Amani Itakuya, the second: Why an essay series on peace in the Great Lakes?

Amani Itakuya, the second: Why an essay series on peace in the Great Lakes?

Christoph Vogel and Sekombi Katondolo

One and a half years ago, the first Amani Itakuya series featured twenty-five diverse essays around topics as widely spread as disarmament, security sector reform, analyses of particular local conflicts and militias, justice, diplomacy, reconciliation, post-colonial thinking, mining, and many others. The series was highly acclaimed within journalistic and academic circles focussing on the Democratic Republic of the Congo (DRC) and its neighbouring countries, a few essays even got taken up by renowned institutions such as the Open Society Initiative or the Rift Valley Institute.

The unexpected success of this ‘no-budget’ first edition on Christoph’s website inspired us to extend the initial idea of Amani Itakuya and to go further: why should a project that aims at stimulating debate in and around the DRC be led by a foreign researcher only? As we were sitting together in Goma last year, we began discussing how to cooperate with Radio Mutaani, a local radio station and media training centre. Numerous Kivutien journalists, including several authors of the first and second Amani Itakuya essay series, have gone through the school of Mutaani, which become famous for its in-depth and grounded ‘grands dossiers’, a programme that unveils the underlying issues of and the local discourse on current political, social, and economic affairs in eastern DRC.

In partnership with Mutaani, we wanted to increase the impact of the series by implanting it more credibly and firmly into the Congolese landscape of opinion, analysis, and discourse. But we also thought about how to amend the project and grow from an online-only, blog-hosted series into a larger project – without wanting to push beyond our reach either. We identified two key aims to do so: translating the texts into English and French respectively, and organising a conference where all authors could come together for training and exchange. As we begin the publication of the second edition, not all the translations are ready and the conference has not yet taken place (it is scheduled for July/August) but thanks to the support we could secure from MONUSCO’s civil affairs section, we are on our way to make it happen. MONUSCO turned out to be a serious and sensitive partner in our attempts to lift this essay series to another level – editorial influence did not occur at any time.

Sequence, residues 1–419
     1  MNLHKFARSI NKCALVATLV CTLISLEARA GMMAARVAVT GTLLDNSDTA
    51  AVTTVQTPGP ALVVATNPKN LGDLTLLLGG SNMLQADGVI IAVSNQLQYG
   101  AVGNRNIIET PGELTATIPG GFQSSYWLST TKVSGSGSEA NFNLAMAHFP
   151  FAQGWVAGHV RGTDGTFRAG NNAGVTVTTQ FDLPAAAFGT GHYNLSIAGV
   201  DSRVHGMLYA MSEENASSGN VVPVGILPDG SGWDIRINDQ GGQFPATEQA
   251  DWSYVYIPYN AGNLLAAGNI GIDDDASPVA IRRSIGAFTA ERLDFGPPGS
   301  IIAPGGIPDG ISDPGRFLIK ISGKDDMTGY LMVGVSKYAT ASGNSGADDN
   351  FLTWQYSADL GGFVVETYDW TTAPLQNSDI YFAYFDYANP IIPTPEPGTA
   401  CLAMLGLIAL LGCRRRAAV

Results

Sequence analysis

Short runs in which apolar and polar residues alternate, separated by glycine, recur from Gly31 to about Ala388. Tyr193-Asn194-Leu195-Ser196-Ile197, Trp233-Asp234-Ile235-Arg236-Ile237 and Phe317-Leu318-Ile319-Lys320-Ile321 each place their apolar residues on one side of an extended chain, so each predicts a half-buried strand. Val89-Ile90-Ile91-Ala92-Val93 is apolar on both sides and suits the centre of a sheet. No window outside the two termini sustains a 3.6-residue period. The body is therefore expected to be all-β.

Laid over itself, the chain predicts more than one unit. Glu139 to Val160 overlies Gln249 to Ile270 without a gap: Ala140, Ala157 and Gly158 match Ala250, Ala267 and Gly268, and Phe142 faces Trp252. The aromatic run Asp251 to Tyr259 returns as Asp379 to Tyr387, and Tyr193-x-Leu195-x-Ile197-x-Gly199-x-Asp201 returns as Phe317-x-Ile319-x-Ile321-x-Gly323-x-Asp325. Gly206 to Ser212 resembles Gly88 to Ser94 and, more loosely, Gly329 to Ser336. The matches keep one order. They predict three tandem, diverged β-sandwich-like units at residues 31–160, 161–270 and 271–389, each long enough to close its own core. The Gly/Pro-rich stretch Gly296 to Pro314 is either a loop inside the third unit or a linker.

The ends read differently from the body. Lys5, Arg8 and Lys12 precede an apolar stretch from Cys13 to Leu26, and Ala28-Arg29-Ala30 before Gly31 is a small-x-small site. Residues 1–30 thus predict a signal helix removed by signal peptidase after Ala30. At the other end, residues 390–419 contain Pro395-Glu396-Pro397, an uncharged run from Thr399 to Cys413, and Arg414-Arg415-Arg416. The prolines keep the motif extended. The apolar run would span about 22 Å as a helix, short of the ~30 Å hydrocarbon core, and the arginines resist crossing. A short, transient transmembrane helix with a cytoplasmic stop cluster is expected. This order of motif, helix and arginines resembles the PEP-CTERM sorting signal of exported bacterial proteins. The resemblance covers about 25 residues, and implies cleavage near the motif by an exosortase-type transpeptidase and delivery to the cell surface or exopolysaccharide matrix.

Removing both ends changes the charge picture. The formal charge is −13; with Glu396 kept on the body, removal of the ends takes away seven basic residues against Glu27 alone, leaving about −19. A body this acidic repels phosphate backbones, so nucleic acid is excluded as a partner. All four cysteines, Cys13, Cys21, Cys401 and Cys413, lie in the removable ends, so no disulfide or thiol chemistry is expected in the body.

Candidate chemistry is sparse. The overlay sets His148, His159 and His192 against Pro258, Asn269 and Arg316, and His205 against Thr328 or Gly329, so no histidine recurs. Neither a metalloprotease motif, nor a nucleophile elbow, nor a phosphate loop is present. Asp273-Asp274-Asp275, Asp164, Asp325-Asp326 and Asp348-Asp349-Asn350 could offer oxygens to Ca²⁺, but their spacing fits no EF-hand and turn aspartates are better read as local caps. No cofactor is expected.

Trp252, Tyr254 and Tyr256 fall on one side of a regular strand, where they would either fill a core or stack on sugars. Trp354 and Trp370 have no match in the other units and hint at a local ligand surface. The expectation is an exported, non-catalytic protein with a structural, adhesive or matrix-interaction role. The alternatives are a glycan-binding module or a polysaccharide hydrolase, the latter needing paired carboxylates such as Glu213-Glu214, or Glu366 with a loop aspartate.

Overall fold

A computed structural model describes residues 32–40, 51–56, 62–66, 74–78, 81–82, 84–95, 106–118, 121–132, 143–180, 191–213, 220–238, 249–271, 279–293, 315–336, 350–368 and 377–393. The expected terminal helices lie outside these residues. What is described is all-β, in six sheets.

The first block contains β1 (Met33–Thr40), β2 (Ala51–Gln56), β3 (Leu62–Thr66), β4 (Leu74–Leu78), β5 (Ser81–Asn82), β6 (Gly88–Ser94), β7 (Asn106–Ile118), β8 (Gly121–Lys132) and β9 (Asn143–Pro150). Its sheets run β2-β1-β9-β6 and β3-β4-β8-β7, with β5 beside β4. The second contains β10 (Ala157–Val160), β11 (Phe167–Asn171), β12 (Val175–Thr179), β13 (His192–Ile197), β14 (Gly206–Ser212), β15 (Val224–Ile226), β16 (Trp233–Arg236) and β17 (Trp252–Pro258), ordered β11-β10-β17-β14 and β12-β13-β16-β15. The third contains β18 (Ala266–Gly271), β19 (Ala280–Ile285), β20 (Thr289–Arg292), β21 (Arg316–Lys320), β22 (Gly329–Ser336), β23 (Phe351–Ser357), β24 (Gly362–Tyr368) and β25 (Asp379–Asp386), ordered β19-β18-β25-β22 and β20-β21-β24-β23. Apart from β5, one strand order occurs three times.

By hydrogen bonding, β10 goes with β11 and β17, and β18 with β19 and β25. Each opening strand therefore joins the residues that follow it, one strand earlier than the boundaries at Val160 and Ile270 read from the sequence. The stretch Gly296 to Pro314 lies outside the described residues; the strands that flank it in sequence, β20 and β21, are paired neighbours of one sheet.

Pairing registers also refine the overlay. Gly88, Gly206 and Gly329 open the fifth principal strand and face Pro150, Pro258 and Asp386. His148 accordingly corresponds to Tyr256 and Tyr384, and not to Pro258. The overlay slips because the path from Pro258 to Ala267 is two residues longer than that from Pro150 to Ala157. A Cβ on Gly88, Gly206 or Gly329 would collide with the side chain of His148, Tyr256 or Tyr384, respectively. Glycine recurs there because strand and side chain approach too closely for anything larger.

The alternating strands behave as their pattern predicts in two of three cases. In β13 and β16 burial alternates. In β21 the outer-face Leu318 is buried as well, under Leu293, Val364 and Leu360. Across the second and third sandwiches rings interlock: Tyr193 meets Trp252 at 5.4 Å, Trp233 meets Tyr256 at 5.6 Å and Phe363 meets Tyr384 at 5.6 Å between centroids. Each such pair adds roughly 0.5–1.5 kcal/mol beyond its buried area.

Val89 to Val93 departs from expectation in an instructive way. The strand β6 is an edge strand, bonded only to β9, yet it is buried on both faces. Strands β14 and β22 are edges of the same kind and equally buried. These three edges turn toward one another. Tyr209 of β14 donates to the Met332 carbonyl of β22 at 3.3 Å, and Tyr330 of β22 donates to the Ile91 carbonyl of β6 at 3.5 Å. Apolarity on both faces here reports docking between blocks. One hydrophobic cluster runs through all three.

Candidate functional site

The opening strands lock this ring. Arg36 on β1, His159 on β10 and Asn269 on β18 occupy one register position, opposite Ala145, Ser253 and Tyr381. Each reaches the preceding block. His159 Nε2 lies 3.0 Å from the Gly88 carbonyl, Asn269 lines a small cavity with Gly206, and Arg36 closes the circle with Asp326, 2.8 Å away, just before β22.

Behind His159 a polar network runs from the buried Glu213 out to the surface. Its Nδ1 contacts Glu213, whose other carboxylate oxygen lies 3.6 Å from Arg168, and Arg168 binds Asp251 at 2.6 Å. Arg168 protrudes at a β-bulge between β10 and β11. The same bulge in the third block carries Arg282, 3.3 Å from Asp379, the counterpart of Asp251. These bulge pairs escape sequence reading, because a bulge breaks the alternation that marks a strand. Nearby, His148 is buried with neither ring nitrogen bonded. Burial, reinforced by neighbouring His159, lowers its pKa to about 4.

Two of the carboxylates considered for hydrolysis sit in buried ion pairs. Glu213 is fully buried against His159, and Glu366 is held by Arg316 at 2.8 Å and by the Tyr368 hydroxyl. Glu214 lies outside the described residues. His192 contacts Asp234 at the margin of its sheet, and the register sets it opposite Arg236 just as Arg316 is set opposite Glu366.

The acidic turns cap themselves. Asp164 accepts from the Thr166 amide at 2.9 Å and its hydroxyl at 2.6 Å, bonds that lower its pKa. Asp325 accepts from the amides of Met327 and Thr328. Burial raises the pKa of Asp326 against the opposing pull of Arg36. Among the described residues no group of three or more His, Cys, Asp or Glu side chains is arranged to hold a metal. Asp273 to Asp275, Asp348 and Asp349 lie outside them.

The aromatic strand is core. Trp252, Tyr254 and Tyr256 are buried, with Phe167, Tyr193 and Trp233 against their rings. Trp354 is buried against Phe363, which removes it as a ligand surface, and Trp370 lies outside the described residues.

The second Amani Itakuya essay series will again feature twenty-five articles on a variety of cutting-edge issues that keep local and international analysts, researchers, journalists, activists, and professionals busy. This time, the ratio of Congolese authors is even slightly higher than in the first edition (56%), many of them also being female authors. We are glad and continuously encourage this trend – such as Mutaani has been doing for many years. Again, we are proud to introduce a series that will particularly impress through its topical richness – the contributions range from human rights to arts, from local conflict to economic development, from the army to militias, from dialogue to narrative, from urbanity to displacement, from mining to security.

We send a heartfelt thanks to all the 25 authors for their inspiring contributions, which will subsequently be published in the coming weeks. Enjoy reading, reflecting, and commenting!

Christoph is the founder of Amani Itakuya and Sekombi is the founder of Radio Mutaani.

Comments
One Response to “Amani Itakuya, the second: Why an essay series on peace in the Great Lakes?”
  1. SOD says:

    I can’t wait to read the new essays.
    The first edition has been highly informative and inspiring.
    Great to see the initiative transcending internet.
    Best wishes!

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